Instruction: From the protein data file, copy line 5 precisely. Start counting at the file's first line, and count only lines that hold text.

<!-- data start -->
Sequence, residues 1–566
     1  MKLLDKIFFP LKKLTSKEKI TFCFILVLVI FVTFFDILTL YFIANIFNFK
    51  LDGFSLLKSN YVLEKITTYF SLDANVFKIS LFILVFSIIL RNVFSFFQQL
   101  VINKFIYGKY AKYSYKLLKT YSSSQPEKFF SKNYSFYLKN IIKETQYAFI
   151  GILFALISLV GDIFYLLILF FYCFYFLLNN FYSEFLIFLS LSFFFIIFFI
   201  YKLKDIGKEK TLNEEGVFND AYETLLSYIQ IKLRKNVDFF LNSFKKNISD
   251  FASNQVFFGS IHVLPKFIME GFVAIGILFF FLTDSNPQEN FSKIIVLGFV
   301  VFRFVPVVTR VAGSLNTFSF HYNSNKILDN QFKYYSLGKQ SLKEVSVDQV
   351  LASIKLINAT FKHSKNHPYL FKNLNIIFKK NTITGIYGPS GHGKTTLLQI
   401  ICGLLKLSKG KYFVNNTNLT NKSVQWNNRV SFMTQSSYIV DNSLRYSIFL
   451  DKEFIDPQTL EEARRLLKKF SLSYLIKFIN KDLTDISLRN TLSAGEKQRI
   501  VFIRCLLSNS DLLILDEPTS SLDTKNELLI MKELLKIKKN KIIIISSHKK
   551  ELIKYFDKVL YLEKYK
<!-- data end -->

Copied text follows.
   151  GILFALISLV GDIFYLLILF FYCFYFLLNN FYSEFLIFLS LSFFFIIFFI